Skip to content

People Die the Way They Live

April 11, 2011

On Wednesday, March 23, 2011, I visited my dad. At ninety years of age, his heart was failing. We talked of his impending death.

He joked, “I’m an old man.”

“Yes, you are,” I agreed.

“Do you know how old I am?” he asked, with a twinkle in his eye.

“You’re about as old as dirt,” I offered.

He chuckled. “I’m so old that when I was born the Dead Sea wasn’t even sick.”

We laughed together. Then the conversation turned.

“Kirk, we are not meant to live forever.  These old bodies wear out.  When I was selling appliances, we called it planned obsolescence.  I’m winding down. There’s something in the Bible about this.”

I knew exactly the passage he had in mind. I picked up his Bible from the bedside table and read. “Therefore we do not lose heart. Though outwardly we are wasting away, yet inwardly we are being renewed day by day” (II Corinthians 4:16).

After I read the scripture, I closed the Bible and asked, “Dad, what is your mission now?”

“You tell me.”

“It’s time to show us how to live this part of life.  You’ve set a sterling example for us in every other phase of life. Now show us how to go through this transition and how to go through it well.”

Gasping for breath, he answered, “I’ll do my best.”

He was tired and weak and ready to go.

On March 29, my eighth grandchild was born. I held that little girl only a few hours after her birth. She gripped my finger with her tiny hand. Less than an hour later I was again by my Dad’s bedside. He had been placed on Hospice Care. I held his ninety-year-old hand. I announced the birth of his forty-third great-grandchild. “Dad, you have a new great-grandchild; a little girl!”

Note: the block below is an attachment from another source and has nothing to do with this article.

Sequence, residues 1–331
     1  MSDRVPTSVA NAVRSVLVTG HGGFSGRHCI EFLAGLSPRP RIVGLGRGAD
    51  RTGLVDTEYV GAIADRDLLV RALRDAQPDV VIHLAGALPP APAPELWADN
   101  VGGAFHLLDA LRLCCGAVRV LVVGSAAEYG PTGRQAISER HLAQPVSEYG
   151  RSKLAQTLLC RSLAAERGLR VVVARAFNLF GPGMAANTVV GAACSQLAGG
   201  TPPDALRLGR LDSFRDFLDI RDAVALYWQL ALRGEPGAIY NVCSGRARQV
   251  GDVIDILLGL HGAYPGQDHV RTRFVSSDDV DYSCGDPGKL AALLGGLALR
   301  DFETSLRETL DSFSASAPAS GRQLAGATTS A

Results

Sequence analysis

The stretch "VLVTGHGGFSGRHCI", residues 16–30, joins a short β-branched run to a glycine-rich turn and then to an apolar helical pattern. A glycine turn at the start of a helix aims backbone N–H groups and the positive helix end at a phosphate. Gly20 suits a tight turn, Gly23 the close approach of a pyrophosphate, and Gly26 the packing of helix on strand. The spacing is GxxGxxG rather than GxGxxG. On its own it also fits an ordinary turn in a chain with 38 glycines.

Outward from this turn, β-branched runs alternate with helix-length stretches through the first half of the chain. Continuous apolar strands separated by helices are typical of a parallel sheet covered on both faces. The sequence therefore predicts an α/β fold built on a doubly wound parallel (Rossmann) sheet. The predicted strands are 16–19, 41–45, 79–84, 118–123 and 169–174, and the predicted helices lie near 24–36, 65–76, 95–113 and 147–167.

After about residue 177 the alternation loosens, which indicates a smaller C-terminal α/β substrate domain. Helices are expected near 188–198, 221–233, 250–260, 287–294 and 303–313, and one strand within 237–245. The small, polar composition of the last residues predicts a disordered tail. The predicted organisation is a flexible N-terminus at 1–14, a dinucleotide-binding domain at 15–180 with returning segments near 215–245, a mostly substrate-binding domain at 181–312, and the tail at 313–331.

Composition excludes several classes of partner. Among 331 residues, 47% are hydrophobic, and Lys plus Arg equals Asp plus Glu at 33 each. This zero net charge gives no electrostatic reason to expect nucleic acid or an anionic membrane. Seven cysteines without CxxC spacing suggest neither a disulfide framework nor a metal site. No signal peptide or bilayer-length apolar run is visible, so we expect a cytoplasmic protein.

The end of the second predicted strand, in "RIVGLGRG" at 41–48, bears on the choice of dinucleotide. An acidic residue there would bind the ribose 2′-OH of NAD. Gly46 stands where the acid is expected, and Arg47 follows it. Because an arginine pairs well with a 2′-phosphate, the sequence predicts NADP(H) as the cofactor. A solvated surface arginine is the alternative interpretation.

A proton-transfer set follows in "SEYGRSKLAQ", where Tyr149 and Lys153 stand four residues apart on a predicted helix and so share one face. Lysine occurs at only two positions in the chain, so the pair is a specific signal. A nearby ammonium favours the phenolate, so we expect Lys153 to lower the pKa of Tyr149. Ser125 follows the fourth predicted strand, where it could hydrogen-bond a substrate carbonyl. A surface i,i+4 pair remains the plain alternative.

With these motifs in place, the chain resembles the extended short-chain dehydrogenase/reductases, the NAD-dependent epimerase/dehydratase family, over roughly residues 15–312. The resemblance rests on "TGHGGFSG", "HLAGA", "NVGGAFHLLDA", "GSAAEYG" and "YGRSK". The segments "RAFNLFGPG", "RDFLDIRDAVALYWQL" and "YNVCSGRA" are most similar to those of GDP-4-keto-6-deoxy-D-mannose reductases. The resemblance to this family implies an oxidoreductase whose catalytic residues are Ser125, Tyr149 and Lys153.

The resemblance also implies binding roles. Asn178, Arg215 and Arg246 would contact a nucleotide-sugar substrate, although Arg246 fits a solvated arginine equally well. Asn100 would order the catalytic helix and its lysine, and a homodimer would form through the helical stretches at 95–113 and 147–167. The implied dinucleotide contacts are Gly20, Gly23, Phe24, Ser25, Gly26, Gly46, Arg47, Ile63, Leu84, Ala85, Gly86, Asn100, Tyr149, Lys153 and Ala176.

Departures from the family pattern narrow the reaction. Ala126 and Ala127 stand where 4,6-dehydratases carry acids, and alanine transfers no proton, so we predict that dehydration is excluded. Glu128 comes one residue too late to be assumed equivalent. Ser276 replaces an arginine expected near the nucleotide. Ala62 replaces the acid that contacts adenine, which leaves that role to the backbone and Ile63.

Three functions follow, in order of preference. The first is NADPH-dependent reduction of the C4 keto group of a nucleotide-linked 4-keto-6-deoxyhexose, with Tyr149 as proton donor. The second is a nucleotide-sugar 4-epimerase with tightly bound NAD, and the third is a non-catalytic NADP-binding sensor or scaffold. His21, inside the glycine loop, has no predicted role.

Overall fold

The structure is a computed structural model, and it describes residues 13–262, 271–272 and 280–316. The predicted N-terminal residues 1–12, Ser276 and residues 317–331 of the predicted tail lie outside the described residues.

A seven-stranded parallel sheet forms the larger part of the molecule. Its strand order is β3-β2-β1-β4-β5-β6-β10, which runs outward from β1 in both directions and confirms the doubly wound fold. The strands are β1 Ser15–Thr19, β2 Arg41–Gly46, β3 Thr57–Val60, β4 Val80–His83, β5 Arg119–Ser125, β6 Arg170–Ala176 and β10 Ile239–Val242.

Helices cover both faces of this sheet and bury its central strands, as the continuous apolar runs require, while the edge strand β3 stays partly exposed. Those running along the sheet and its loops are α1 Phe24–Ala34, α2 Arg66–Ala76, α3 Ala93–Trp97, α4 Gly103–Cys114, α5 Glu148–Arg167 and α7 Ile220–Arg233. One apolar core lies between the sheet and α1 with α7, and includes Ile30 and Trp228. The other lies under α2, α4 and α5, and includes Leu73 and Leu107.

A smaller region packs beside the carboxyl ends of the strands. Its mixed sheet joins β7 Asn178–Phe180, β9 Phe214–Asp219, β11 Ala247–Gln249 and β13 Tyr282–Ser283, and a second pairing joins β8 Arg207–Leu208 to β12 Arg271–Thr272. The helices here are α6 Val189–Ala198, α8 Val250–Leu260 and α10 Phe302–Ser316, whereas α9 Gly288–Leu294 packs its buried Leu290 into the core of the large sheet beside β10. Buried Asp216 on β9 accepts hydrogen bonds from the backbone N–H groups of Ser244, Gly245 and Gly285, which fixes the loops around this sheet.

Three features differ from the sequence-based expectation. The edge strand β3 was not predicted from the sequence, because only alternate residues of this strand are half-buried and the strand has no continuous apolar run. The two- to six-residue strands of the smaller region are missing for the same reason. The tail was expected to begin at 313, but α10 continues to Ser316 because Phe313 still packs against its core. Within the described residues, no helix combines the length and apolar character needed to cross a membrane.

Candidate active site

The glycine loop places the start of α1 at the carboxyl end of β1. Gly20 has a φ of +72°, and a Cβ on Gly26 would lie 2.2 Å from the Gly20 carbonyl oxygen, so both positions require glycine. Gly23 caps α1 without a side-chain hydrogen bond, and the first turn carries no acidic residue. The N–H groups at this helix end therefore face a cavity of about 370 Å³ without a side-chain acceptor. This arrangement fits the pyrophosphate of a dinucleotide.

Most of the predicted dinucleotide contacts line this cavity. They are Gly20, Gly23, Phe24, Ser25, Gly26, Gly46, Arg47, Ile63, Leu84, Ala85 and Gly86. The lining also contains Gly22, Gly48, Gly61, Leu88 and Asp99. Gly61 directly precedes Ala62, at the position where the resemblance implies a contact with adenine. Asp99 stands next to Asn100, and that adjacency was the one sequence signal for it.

With the constant joy that has been his hallmark, he whispered, “Wonderful!” That was his last word to me. The following Sunday, he died.

Forty-nine years ago, I watched my grandfather die. Pappy was in the hospital for more than a month. His heart was failing. I volunteered to stay with him at night.  In those last weeks before I entered college, I received an invaluable education. Though he was a man of few words, Pappy had much to say.

The night before I left for Furman, Pappy said, “My time is short. This part of life is nothing to fear as long as you’re ready for the next. There is no need to be afraid.”

That was the last time I saw him alive.  Two weeks later, back in his own home, Pappy asked, “Help me sit up.”  His children propped him up. He spoke a few words from a hymn.

“Just as I am,” he said. Then Pappy went home.

I learned an important lesson forty-nine years ago when Pappy died and again last week when Dad died.

People die the way they live.

Kirk H. Neely
© April 2011
Advertisements

Comments are closed.

%d bloggers like this: